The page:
The Korean blockbuster superhero movie “Psychokinesis” explores superheroism as a socially-relevant magical realistic narrative. Here is our review of the movie, with mild spoilers.

“Psychokinesis” Movie Review

Comic books and movies, if not all, portray superheroes as demigods flying and sprinting among us. Without their suits, they are as fallible as the mortals around them. But when they suit up, they completely transform into near-perfect beings out to save the world.

Seung-ryong Ryu in Psychokinesis / Yeom-lyeok (2018)

Credit: IMDb

Breaking Stereotypes

“Psychokinesis” breaks this stereotype from the get-go. Protagonist Seok-Hyeon (Seung-ryong Ryu) is a security guard at a bank. He’s far from what you would call a model employee. He steals coffee packets and tissue rolls meant for customers and usually comes to work late. On top of that, he’s a divorced father with an estranged teenage daughter, Ru-Mi (Eun-kyung Shim).

There are also no giant labs or secret organizations in the movie. When Seok-Hyeon accidentally gains psychokinetic superpowers, he has no choice but to learn them on their own. After all, he has no mentor teach him how to develop, or control them. His newfound powers eventually allows him to protect Ru-Mi and her community against selfish corporate and government elites. He doesn’t even hide his powers, and uses his powers in plain sight of other people around him. While the movie does away with Hollywood or Western comic book stereotypes, it uses familiar scenes in Korean family dramas. It doesn’t have a significant romance arc, which is kind of refreshing to see.


Eun-kyung Shim in Psychokinesis / Yeom-lyeok (2018)
Credit: IMDb

Power to Women and The Masses

Another good thing about the movie is how it portrays women and the masses. Hollywood still has damsels-in-distress in superhero movies, although not a lot. Superhero films and series largely portray the public as disengaged, or at the most, full of fear. How many movies have we seen people running away during a superhero battle? Ru-Mi is no cookie-cutter K-drama female lead. She’s strong, assertive, and fiercely compassionate to those around her. Her mother and the women in her community are strong as well.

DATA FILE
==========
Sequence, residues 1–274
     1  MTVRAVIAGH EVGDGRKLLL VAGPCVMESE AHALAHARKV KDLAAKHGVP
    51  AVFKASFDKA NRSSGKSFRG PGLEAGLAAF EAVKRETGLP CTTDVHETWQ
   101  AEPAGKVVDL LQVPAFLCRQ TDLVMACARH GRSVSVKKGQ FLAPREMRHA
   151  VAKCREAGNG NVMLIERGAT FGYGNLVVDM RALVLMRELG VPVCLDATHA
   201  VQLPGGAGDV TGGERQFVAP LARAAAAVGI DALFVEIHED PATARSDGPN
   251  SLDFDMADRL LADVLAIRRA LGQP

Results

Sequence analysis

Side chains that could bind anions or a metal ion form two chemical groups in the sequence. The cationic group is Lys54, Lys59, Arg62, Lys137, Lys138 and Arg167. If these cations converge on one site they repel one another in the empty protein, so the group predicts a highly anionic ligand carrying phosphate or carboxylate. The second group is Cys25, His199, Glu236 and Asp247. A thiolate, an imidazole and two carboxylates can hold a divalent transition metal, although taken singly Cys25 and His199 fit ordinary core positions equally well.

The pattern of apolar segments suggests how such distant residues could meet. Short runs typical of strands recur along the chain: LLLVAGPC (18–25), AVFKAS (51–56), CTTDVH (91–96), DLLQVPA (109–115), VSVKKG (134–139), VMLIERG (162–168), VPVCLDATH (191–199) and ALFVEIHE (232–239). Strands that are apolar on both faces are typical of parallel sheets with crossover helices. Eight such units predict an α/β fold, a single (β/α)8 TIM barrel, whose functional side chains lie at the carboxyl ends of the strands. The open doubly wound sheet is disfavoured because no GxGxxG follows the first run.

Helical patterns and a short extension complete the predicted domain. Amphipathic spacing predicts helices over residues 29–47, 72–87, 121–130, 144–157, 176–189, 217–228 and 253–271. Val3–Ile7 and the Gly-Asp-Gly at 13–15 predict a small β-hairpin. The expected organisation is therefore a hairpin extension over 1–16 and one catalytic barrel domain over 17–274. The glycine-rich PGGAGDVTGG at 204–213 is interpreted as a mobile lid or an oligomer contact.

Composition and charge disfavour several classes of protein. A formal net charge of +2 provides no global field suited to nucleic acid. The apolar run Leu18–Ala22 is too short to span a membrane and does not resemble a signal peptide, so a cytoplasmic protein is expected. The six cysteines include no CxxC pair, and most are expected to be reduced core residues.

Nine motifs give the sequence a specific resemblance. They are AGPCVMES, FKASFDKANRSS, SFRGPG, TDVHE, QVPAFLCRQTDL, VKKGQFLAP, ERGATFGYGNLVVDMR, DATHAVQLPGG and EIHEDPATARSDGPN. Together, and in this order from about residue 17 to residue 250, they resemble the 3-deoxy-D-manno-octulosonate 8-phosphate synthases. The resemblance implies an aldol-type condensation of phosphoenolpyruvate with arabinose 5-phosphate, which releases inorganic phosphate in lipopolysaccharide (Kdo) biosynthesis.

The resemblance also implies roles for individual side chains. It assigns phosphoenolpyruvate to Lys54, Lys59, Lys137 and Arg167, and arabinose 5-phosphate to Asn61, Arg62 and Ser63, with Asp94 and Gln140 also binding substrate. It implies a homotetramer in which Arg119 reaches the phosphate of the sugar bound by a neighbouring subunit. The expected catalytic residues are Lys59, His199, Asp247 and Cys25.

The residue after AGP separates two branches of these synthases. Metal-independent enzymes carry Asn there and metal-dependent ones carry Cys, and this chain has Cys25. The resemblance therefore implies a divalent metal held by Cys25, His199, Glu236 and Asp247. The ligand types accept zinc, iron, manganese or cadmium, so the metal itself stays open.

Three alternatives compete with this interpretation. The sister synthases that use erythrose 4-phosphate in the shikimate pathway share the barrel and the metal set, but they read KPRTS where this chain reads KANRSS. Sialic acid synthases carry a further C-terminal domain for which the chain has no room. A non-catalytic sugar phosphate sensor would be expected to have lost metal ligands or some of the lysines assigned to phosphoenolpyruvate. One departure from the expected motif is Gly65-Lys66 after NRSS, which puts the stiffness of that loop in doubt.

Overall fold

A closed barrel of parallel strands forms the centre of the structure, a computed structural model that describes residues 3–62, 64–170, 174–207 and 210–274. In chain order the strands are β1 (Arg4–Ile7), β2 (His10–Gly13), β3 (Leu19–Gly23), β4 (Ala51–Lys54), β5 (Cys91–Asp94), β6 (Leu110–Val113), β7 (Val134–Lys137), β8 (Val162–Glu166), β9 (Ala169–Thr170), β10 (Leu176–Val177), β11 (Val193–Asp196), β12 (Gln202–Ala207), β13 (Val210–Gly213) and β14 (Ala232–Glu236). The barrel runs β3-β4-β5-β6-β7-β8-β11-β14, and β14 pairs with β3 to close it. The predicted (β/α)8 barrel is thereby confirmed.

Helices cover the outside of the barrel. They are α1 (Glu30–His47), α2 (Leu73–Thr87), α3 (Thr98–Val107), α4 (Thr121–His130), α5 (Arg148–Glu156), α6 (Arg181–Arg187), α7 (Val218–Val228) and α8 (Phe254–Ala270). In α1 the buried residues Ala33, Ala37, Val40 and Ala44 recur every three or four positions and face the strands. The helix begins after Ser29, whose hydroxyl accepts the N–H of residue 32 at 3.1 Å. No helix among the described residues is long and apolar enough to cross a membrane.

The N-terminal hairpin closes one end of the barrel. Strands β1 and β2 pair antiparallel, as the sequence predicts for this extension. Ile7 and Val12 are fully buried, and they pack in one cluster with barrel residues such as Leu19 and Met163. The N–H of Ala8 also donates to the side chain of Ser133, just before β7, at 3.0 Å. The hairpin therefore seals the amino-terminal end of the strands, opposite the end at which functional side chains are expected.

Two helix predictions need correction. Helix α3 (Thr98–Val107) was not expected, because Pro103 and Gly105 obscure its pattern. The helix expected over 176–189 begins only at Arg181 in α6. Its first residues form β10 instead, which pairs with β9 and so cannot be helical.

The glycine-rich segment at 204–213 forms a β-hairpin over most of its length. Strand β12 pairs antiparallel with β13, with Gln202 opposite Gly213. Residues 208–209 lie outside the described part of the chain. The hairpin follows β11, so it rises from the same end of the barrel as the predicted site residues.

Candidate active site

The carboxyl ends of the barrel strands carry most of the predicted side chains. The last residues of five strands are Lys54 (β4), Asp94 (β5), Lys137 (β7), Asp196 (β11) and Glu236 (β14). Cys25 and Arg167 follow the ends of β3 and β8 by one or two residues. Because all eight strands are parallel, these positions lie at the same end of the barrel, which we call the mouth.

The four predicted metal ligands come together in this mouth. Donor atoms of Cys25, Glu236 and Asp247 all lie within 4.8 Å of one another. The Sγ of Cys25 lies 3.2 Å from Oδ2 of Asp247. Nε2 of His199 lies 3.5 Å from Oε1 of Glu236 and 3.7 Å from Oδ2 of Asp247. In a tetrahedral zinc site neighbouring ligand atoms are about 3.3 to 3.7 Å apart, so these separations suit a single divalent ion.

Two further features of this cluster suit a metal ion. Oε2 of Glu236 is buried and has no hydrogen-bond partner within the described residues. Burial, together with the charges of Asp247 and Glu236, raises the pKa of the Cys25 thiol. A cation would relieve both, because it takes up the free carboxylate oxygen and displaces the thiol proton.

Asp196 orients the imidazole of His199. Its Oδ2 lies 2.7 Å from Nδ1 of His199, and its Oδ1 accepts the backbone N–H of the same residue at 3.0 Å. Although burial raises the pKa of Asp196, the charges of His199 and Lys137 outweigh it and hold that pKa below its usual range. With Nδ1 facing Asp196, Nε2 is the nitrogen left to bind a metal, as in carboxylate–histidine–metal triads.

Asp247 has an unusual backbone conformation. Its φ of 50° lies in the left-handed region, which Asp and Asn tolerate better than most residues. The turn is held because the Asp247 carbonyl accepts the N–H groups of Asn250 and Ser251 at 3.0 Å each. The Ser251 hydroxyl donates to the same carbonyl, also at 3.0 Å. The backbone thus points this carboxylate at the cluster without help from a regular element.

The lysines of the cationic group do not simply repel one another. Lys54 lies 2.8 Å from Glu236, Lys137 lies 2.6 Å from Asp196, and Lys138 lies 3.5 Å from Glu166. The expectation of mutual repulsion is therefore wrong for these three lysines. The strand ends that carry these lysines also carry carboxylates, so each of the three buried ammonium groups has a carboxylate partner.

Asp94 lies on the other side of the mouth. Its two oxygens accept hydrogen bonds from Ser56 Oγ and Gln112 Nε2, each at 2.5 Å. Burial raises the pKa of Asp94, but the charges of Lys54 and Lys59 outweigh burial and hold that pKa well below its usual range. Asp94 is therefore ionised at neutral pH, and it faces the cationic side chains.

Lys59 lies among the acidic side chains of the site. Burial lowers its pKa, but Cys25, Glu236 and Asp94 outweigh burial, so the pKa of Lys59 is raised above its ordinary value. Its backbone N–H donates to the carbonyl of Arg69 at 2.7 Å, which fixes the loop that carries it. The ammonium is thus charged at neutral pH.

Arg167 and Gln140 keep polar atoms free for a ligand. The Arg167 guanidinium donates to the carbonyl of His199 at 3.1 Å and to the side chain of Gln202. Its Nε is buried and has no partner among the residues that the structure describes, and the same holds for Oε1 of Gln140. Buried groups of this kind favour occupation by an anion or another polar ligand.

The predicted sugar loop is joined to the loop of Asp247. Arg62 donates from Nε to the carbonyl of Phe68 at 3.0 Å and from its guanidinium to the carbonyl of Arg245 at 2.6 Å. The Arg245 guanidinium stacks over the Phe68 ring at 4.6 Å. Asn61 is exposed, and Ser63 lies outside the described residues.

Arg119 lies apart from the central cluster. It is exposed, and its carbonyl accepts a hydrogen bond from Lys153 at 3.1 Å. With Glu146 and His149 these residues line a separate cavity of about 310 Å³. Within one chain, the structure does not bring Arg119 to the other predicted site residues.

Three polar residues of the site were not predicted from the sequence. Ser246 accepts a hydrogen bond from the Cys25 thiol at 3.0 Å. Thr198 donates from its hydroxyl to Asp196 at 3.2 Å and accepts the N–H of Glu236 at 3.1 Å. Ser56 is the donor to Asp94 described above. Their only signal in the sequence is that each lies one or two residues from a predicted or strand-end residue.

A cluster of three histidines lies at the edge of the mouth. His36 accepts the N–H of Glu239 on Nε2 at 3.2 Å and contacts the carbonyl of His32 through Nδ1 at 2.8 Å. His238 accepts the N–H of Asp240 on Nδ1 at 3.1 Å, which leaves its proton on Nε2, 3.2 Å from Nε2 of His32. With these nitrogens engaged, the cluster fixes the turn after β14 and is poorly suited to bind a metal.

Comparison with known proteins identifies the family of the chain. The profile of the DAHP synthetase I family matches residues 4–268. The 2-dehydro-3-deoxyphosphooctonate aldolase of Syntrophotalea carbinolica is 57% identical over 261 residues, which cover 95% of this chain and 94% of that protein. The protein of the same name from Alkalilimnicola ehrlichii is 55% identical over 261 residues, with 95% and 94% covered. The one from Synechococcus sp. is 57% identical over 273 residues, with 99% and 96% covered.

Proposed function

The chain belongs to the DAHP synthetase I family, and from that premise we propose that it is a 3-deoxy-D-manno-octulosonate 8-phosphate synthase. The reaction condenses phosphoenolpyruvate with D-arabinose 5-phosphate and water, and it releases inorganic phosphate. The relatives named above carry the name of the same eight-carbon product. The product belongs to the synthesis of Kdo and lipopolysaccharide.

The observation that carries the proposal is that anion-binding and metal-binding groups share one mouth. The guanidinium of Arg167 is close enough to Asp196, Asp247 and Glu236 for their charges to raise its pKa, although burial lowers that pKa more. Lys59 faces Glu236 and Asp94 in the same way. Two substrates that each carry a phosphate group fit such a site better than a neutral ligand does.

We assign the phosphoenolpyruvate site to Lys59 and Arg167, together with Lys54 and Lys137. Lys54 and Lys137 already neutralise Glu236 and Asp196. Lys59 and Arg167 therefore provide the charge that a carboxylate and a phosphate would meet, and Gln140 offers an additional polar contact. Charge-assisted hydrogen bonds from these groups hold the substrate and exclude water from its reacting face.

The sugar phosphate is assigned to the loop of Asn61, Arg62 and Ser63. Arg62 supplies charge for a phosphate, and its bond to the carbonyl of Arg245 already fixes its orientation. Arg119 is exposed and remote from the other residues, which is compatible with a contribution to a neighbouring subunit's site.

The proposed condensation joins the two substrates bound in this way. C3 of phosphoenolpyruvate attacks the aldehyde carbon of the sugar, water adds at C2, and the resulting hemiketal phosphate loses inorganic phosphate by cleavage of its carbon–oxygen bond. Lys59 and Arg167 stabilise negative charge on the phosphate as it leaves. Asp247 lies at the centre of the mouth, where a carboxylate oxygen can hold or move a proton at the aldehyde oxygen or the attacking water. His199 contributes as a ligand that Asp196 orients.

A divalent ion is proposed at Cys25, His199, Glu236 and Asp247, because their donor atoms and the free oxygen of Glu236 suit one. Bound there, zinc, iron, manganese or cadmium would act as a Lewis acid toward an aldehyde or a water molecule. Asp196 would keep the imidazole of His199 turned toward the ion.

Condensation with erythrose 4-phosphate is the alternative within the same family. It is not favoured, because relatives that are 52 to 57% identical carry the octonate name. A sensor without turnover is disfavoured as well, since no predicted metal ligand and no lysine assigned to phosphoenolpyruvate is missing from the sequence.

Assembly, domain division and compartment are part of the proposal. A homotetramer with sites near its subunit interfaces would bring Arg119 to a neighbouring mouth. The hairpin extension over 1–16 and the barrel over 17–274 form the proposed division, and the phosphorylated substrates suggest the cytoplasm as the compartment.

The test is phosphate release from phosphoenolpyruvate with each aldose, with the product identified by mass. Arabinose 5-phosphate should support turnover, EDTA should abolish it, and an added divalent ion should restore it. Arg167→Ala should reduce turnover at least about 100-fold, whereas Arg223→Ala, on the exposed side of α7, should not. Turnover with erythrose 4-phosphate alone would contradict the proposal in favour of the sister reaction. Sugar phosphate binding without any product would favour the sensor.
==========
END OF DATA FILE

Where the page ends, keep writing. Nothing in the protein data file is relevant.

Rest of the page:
The movie also gives agency to the public, portraying them as learned, unified, and engaged. It’s admirable to see a crowd in a superhero movie that doesn’t cower in fear. Though the movie broke stereotypes and established stronger protagonists, it failed to characterize the villains better. All it has are token villains commonly seen in action films. Actress Yu-Mi Jung tries to make the villain Hong Sang-Moo look better, but unfortunately, her efforts still fall flat.


Min-jae Kim, Seung-ryong Ryu, and Eun-kyung Shim in Yeom-lyeok (2018)
Credit: IMDb

“Psychokinesis” as reflective of South Korea’s “Candlelight Struggle”

Director Yeon Sang-ho is known for tackling relevant social issues in South Korea in his genre films. His blockbuster zombie film “Train to Busan” addressed the callous behavior of Koreans towards each other. Remember, people were became good to each only when the going went really tough. It also reflected the problematic way Korean elites and the government treated ordinary citizens.

Director Yeon’s positive portrayal of Korean citizens in “Psychokinesis” is reflective of the societal and political changes in the country. “Train to Busan” was released in 2015, way before former president Park Geun-Hye was embroiled in corruption scandals that ended her presidency. “Psychokinesis” began filming in April 2017, a month after the “Candlelight Struggle” mass protests and president Park’s impeachment. The protest wasn’t only significant to South Korea’s democracy. It was also significant to the world which saw democratic threats gain political power in both parts of the globe. In a way, the movie tells us how we should fight these threats back, the way the Korean people did.

The repercussions of superheroism

There are battle scenes between him and the villains, because this is a superhero film after all. Even then, Seok-Heon is treated as a fallible human, struggling to master his other abilities to fight off evil. Towards the end, the movie shows the negative repercussions of having superhuman abilities. Not everything is pretty, but it helps get everything right, eventually.


“Psychokinesis” takes us back to the time when superheroism was a simple concept that helped addressed relevant social ills. It is also progressive in the sense that it doesn’t involve any suits or magical transformations. The movie tells us what superheroism would truly look like if were possible today. The movie doesn’t use all the tropes Hollywood and pulp magazines have given us. Instead, it portrays superheroism as a charming and insightful magically realistic narrative. The movie also features a talented and engaging acting ensemble and excellent visual effects and cinematography. Put all of these elements together, and you get an insightful and heartwarming film that’s fun to watch.

“Psychokinesis” currently streams on Netflix.

(Cover photo courtesy of ScreenX)